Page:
Probate is the legal process of settling the estate of someone who has passed away. In deciding whether a probate is necessary, an evaluation of the character of the decedent’s assets must be made. Are the decedent’s assets probate assets, non-probate assets, or both? If all the decedent’s assets are non-probate assets, a probate is likely not necessary. That said, the character of a decedent’s assets becomes very important.
RCW 11.02.005(10) sets forth the statutory definition of a non-probate asset. In general, non-probate assets are assets that transfer outside probate such as assets held in joint tenancy with right of survivorship, assets subject to a community property agreement and assets held in a manner making them payable or deliverable upon death such as an insurance policy with a designated beneficiary other than the estate or a transfer on death deed.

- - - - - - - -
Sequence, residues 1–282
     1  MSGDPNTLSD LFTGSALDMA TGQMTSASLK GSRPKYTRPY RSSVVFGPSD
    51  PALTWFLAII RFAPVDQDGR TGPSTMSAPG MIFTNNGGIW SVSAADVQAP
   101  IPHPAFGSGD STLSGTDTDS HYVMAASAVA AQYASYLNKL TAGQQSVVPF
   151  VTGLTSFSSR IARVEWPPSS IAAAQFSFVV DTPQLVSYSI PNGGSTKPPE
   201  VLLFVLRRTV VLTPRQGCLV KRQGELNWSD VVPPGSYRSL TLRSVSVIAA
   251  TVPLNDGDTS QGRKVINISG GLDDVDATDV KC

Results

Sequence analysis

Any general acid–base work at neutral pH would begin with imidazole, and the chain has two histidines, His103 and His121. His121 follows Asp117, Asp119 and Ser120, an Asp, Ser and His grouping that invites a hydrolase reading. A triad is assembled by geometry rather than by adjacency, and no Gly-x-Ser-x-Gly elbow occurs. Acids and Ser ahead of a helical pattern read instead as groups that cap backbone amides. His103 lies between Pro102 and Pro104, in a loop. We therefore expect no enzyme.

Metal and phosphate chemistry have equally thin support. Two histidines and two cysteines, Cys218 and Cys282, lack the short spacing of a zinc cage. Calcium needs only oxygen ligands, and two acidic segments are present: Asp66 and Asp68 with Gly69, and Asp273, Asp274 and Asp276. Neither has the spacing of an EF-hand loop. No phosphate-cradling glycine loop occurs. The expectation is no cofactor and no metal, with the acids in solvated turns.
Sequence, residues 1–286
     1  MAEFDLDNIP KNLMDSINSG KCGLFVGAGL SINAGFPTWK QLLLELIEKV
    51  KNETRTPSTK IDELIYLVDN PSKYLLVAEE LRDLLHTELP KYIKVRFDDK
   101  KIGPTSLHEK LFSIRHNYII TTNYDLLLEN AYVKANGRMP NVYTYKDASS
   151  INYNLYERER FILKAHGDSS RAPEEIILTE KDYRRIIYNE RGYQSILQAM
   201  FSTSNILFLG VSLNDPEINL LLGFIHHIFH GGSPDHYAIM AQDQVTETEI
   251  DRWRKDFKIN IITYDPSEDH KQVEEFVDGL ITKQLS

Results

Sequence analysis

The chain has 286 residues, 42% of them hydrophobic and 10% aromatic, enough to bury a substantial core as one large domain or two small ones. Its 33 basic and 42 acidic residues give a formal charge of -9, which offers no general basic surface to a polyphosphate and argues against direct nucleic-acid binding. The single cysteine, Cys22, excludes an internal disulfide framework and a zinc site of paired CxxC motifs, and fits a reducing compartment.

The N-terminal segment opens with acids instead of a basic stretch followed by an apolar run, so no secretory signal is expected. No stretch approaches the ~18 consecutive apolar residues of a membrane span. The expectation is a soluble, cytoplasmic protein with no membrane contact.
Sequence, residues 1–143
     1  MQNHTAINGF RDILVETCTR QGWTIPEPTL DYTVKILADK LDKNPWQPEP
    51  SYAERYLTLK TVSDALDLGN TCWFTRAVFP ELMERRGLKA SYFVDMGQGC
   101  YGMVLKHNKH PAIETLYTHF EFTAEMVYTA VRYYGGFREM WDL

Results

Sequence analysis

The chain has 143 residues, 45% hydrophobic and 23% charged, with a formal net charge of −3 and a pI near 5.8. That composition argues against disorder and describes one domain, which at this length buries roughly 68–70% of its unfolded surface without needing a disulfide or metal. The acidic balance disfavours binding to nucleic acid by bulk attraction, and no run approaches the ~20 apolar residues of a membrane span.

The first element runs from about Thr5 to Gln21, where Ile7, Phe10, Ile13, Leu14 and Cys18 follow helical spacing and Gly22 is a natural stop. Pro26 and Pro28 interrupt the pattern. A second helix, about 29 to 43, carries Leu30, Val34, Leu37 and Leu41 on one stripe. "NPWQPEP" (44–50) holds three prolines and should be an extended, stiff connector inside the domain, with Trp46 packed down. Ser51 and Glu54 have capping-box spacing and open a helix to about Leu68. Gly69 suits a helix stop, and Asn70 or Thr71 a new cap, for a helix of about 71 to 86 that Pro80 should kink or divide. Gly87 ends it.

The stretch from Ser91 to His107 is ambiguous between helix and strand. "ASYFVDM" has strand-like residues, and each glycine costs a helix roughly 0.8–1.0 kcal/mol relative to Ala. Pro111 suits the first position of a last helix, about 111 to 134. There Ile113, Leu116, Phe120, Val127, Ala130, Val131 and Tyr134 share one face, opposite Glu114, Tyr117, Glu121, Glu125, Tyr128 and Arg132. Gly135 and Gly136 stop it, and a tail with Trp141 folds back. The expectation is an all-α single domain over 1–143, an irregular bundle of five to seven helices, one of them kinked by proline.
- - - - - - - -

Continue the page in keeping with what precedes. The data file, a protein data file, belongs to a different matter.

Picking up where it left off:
Probate assets quite simply are all assets other than non-probate assets. If a decedent has only probate assets or both probate assets and non-probate assets, a probate will likely be necessary if the decedent has assets valued over $100,000.00 or owns real estate not subject to transfer on death deed.
Knowing the difference between probate assets and non-probate assets can make a big difference in both estate planning and probate considerations. For example, if a client does not own real estate and has an asset mix of bank accounts and insurance policies, beneficiary designations can be made to avoid probate all together.
An experienced estate planning and probate attorney can advise you on all matters relative to estate planning and probate such as evaluating the character of a decedent’s assets.